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2009 report impacts school budget debate

February 6, 2019

STAMFORD — As Board of Education members look into the future of Stamford Public Schools’ budget, some are requesting they look into the past to see how the district got into its current fiscal situation.

On Tuesday, the board met to discuss the proposed budget for the 2019-20 school year, as well as a list of proposed capital projects ranked by the Planning Board, and what role the most recent facilities report on the schools — from inspector EMG in 2009 — should play in plans for the future.

The decade-old report revealed many Stamford public school buildings were flagged for mold and moisture concerns before this year’s mold crisis broke out causing many to ask the board to look back at the report and see what went wrong and what still needs to be fixed.

At the last regular meeting of the Board of Education on Jan. 29, a parent asked the district to hire a structural engineer, citing the 2009 report where consultants said “the steel may not be designed to handle the load of the floors and walls” at the old Westover Magnet Elementary School building.

“Since it appears little to no action was taken, how can we be assured the Board of Education and the city of Stamford will take appropriate action now?” asked Bridget Curry, a parent of two at Westover. “We need a structural engineer to assess the building. We might find out the building’s about to collapse.”

According to Mike Handler, head of the Mold Task Force and director of administration for the city, the task force has reviewed the EMG report for all Stamford schools and hired KG&D architecture firm, as well as a third-party firm, to come in and inspect the old Westover building.

“I simply ask people to be patient,” Handler said Wednesday. “We’ll disclose who’s doing what, but there’s a lack of understanding on the public’s part on the sequence of how we do things. It’d be reckless, to say the least, to start proposing a multi-million dollar project on a structure that’s not inspected first. The building is unoccupied at the moment. There’s no urgency.”

The Board of Education is a little less decisive on their stance on what role the EMG report should play in what they do going forward.

Prior to Tuesday’s special meeting, board President Andy George released a letter, to be addressed at the meeting, stating it’s his opinion that the city should look ahead, rather than focusing on a decade-old report.

“The 2009 EMG report contains comments and recommendations on many aspects of all our schools,” George wrote. “There are hundreds of items noted for improvement. It is convenient today to selectively highlight a few and question why they were not addressed over the past decade. ...While it may be tempting to assign fault, investigating will be complicated and costly. It will not change the current circumstances. We should focus on the present. We should work together, city and school system, to make our construction and maintenance efforts more effective.”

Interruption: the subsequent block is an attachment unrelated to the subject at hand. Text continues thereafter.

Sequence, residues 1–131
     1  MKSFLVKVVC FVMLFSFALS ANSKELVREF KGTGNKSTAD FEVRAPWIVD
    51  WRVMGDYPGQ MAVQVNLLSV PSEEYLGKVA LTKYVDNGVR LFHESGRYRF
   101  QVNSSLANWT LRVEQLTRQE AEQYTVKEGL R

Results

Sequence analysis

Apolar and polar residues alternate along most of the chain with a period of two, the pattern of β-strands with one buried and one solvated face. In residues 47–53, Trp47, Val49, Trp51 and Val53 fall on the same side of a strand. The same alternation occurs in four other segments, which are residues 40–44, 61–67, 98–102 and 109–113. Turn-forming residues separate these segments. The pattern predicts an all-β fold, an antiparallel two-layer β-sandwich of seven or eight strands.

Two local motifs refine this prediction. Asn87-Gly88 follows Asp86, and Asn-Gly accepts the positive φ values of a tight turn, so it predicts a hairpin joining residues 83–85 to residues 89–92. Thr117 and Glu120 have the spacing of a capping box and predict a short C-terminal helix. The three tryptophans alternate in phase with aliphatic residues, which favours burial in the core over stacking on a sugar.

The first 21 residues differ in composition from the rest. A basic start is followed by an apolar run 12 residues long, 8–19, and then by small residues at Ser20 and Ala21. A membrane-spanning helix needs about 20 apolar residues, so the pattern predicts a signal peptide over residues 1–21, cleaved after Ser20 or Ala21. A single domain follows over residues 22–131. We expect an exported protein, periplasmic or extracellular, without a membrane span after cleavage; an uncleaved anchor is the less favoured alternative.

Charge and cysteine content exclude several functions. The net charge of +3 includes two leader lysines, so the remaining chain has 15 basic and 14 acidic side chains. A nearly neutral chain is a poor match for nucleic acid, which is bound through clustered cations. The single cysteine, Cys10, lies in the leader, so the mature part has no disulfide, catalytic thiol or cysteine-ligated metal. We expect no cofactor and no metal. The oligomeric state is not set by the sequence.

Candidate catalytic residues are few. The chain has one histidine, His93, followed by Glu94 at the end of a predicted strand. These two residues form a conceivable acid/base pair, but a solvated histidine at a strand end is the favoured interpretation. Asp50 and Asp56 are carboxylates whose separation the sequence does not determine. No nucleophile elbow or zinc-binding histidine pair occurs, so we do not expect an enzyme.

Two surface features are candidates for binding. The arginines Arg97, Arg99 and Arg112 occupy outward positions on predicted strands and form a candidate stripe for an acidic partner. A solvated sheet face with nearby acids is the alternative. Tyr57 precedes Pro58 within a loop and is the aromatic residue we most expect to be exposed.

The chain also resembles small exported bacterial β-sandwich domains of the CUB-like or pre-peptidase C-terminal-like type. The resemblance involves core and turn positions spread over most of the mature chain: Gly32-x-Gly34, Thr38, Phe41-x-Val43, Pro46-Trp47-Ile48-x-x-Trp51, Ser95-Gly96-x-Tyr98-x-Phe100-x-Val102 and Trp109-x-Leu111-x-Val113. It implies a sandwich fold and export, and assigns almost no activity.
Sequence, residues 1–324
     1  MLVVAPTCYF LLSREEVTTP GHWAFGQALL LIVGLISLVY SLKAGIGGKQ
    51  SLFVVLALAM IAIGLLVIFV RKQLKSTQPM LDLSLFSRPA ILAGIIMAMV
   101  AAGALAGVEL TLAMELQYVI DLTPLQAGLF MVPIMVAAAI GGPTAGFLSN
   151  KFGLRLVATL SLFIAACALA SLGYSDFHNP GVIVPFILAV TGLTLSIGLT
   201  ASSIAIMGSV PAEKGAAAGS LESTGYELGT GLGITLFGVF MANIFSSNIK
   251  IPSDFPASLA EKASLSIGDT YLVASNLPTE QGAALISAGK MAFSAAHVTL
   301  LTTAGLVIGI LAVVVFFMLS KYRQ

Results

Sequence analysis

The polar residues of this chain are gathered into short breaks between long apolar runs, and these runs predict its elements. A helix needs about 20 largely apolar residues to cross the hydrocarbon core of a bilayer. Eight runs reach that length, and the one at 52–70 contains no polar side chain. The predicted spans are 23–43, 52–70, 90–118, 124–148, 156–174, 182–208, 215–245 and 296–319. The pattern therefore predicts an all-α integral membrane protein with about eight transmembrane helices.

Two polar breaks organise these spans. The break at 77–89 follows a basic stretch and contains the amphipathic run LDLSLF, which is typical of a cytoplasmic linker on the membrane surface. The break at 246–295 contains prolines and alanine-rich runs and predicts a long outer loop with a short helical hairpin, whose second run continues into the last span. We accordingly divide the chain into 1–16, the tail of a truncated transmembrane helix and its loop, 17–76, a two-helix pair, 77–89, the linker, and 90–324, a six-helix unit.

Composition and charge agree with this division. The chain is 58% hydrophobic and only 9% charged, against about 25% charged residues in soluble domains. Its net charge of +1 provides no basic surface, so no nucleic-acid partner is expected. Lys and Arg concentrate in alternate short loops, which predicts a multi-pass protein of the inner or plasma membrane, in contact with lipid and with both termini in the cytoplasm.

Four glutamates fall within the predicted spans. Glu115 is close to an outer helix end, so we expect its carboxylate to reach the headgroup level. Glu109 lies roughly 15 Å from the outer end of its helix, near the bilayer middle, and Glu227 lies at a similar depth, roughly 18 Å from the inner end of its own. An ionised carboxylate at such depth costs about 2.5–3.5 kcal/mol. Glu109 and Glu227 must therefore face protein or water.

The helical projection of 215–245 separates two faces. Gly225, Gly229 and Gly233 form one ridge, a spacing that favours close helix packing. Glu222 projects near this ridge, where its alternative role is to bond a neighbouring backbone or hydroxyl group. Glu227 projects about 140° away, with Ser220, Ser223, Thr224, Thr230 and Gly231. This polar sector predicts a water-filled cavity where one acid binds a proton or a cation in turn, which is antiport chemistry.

George asked the board at Tuesday’s meeting if they’d like to adopt this stance as a group, but not all members agreed on his message.

“I don’t want to find ourselves back here again one day,” said board member Betsy Allyn. “I don’t think there is any one board, one person, one system that is responsible for this. I think it’s a failure of multiple boards and systems, but if we don’t look back and see where our failures were, how can we analyze that?”

“I support what the letter is trying to deliver,” added board member Antoine Savage. “I just don’t think it’ll be delivered as such. I’m a big proponent of looking ahead, but the problem is this (report) is available. People are going to access it and we’re going to continue to get more findings and scrutiny about what happened. ... I just worry about ruffling feathers.”

Superintendent Earl Kim said the district is examining the way it addresses facility needs now in order to see where the process previously broke down and correct it.

The board agreed to not issue George’s letter as an official document, but to move forward and focus on the state of school buildings today.

Still the ghosts of the report and lack of focus on maintenance and upkeep of the school are present in this year’s budget proposals.

In a last-minute vote, the board agreed to a resolution proposed by member Jackie Pioli to ask the administration to increase the proposed maintenance and repair budget by $200,000 with the possibility of seeing if those funds can go specifically to preventative maintenance.

Board members had previously expressed concerns over the lack of increase in the maintenance budget after the mold problem caused by years of deferment.

According to the Board’s list of capital projects about $10.54 million in mold-related work is also being suggested. This takes up the majority of the $18.22 million proposed capital budget.

Among projects ranked under “tier M,” which is classified as mold and environmental remediation projects, are modular replacements at Newfield Elementary School, bathroom and floor replacements across several elementary and middle schools, air quality improvements across multiple schools, energy efficiency projects, HVAC upgrades and infrastructure renovation at Westhill High School and renovations at Stamford High School.

Security upgrades and district-wide modular construction remained the top priority projects outside mold. Once the proposed budget is approved, the school board can decide to re-prioritize different projects should the need arise.

erin.kayata@stamfordadvocate.com; (203) 964-2265; @erin_kayata

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